The ancient texts of Ayurveda extol the virtues of wheat, as a nourishing, strengthening food. Its properties are heavy, oily, sweet and cooling. As it is fairly heavy to digest, it is best not to over consume. Looking at wheat from a modern perspective, this ‘heaviness’ is mainly attributed to the gluten content of wheat (the elasticity proteins), or more specifically the gliadin component of gluten. This is something we can digest in small quantities but causes difficulties in large quantities.
This is the wheat of several thousand years ago, or, more accurately, the wheat of up to about 1950.
What’s happened to wheat since then?
We wanted more from it. We wanted MORE of it. We wanted it SPONGIER. We wanted it EASIER. So we started to modify it so it was easier to farm, more resistant to adverse conditions, gave greater yields and gave ‘lighter’, spongier bread. We still call it wheat, but it is so different, it is almost an affront to advertising standards to call it so. If you were bringing this new grain to the market now, you’d have to have it tested on humans to prove it was safe. The insidious nature of the changes means this hasn’t had to happen and I do wonder how it would have fared if it had.
The result of this hybridisation is a grain which no longer has the nourishing, strengthening qualities. The result is a grain that our stomachs have not evolved to digest. The result is a grain with more and modified gluten in it.
The gliadin and thus gluten components have been altered over the years so that relative quantities of known ‘trouble maker’ sequences in it are much higher1. Other protein chains have been altered, creating new glutenin proteins, the great majority of which have never before been consumed by humans. This modern wheat has become very heavy, sticky and difficult to digest. It is often compared to chewing gum in the stomach.
So, while our grandparents’ generation ate wheat and didn’t suffer too much from it, in just a few generations, the grain has changed so much in so little time that our stomachs haven’t evolved quick enough to digest it. This begins to explain why suddenly there is so much more prevalence of wheat intolerance. It isn’t so much wheat per se, but MODERN wheat. People may find their digestion does funny things after eating wheat (bloating or changes to bowel movements for example) or that they develop a wheat coma (tiredness and lethargy after eating, sometimes like a hangover if you’ve ever experienced one of those…). It has been found to have even further reaching effects such as painful joints, swelling, inflammation, diabetes and obesity2 3.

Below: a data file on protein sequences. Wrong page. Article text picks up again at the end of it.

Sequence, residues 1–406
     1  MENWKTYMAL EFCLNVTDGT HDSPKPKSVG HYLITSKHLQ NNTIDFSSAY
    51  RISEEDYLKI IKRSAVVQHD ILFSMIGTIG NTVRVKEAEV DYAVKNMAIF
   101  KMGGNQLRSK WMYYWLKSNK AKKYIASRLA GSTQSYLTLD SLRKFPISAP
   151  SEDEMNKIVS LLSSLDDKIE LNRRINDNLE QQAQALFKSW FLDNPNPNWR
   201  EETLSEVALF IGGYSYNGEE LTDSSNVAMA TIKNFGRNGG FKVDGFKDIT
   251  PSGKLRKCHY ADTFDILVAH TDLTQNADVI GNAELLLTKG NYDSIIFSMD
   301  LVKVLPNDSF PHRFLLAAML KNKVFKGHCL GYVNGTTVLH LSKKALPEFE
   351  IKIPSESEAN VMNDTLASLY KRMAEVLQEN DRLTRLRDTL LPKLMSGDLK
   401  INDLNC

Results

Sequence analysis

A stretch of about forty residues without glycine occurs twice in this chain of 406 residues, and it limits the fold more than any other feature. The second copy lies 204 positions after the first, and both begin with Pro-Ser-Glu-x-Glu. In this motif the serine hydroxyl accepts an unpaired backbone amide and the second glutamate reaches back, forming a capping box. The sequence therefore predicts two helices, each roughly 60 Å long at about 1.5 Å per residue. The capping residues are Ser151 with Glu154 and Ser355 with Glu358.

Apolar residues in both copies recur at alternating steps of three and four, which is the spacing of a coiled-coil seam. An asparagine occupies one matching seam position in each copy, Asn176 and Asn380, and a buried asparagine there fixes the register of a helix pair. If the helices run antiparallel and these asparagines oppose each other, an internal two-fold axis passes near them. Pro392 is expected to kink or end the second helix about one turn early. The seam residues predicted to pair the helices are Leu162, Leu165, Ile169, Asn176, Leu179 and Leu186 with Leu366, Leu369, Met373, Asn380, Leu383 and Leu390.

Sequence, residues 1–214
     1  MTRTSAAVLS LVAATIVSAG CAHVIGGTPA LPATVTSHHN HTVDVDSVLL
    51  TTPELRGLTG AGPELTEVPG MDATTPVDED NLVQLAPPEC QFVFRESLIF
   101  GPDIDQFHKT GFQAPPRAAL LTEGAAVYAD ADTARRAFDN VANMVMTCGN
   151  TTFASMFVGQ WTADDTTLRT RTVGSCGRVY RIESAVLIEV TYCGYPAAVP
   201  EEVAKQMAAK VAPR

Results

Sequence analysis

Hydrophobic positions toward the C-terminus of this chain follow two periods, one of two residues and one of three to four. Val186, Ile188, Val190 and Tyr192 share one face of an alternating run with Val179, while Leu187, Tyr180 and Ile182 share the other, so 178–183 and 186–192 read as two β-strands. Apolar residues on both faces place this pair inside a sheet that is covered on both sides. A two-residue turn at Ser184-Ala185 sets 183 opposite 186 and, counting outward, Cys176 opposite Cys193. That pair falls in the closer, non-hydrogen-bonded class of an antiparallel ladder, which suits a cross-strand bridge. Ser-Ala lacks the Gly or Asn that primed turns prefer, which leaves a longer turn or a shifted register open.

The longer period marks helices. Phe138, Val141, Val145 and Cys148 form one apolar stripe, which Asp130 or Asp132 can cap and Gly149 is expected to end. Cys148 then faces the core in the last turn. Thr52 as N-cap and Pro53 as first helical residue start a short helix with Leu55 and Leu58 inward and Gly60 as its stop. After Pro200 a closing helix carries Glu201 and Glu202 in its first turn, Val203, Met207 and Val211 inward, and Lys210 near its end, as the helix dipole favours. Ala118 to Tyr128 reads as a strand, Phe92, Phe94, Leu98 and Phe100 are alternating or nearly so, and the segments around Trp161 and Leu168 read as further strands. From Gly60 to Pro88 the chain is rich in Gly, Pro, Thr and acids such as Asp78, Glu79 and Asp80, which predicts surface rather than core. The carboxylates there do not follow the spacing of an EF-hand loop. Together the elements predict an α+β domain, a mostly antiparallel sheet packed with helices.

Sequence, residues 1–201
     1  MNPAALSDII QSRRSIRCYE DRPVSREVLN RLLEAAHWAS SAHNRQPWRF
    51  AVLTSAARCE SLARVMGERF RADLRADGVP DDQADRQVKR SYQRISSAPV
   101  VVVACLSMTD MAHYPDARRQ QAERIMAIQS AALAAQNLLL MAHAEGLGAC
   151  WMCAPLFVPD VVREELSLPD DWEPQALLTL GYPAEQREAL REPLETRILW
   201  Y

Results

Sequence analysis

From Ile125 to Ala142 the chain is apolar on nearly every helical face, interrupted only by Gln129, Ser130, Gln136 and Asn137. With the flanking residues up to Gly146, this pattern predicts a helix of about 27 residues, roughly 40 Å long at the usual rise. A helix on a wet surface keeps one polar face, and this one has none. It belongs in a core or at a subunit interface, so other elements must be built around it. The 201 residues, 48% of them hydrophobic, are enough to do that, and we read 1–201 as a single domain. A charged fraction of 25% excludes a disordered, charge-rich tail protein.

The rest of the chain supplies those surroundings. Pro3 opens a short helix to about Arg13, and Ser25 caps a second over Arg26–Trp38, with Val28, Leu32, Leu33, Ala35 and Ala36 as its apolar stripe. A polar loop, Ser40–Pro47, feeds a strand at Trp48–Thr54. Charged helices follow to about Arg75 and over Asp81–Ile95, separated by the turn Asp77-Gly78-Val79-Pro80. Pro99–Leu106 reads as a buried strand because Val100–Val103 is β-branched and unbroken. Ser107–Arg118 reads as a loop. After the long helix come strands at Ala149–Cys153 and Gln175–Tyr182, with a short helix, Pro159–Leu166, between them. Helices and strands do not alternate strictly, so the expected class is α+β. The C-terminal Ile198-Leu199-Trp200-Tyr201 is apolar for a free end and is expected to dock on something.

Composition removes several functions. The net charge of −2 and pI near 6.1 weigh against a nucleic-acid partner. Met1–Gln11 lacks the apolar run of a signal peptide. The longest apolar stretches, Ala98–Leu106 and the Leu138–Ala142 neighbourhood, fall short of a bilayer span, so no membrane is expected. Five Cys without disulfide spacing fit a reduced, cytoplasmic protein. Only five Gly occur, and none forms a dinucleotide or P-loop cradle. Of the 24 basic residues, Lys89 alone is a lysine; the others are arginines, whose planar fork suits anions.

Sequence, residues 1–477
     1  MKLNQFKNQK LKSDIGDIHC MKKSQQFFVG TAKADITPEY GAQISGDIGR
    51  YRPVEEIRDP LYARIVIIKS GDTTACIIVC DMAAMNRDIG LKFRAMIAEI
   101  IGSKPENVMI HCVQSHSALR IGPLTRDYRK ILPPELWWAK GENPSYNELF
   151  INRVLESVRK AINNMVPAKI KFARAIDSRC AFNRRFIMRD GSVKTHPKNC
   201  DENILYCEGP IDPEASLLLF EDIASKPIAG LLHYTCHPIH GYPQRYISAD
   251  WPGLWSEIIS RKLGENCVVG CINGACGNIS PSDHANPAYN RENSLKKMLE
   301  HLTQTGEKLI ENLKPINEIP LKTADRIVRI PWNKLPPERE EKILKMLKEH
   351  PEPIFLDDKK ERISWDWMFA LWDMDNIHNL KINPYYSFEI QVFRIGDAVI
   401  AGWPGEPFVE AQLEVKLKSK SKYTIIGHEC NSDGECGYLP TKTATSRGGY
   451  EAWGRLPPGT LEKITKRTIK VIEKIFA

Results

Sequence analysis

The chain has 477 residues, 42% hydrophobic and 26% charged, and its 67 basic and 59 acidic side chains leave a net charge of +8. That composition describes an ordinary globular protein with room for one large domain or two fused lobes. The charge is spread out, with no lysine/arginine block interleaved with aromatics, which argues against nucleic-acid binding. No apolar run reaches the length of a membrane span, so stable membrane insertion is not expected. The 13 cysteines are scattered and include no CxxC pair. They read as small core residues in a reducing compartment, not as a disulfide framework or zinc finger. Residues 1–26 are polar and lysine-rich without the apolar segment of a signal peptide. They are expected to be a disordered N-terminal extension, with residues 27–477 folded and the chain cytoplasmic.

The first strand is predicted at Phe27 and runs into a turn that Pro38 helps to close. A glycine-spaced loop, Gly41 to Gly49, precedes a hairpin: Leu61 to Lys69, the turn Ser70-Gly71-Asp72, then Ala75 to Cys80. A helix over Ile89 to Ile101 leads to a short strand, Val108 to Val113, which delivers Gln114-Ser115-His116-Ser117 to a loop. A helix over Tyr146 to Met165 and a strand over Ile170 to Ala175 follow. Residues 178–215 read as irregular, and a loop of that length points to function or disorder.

Moreover, there is now wheat in EVERYTHING. Up until about 1960, wheat was in the bread, cakes, biscuits – the normal things you’d expect. Now, as more and more food is processed and designed to be made cheaper, easier and quicker, wheat is the added ingredient of choice. Not only are we finding it harder to digest, we have more of it, overloading our systems.
The great news is that there is a simple answer to this; eat ancient grains such as spelt, einkorn and kamut. These grains haven’t been altered out of recognition; they are essentially the same now as they were when the ancient Ayurvedic texts were written. Genetically, einkorn is the simplest and oldest; kamut is a little more complex and spelt a little more so. All are light-years away from the wheat we commonly eat now.
Spelt makes wonderful, tasty bread, can be substituted for normal flour in most recipes and doesn’t require drastic changes to the way you cook. You can buy both wholegrain and white spelt flour from mainstream supermarkets (Doves Farm for example). Einkorn and Kamut can be found in health food shops.
Give it a try. You’ll notice the difference.
Till next time, take care of yourselves.
Author: Kate Siraj, Ayurvedic Practitioner, BSc Ayurveda, MChem (Oxon), MAPA.
© The Ayurveda Practice
Photo thanks to FreeDigitalPhotos.net
1 Glia-α9. Absent from primitive strains of wheat such as einkorn. Also to three other fractions of gliadin.
2 Cordain L. Cereal grains: Humanity’s double-edged sword. Simopoulos AP (ed): Evolutionary Aspects of Nutrition and Health. Diet, Exercise, Genetics and Chronic Disease. World Rev Nutr Diet. Basel, Karger, 1999, vol 84, pp 19–73
3 Davis, W. Wheat Belly. Rodale, 2011. Pennsylvania, USA.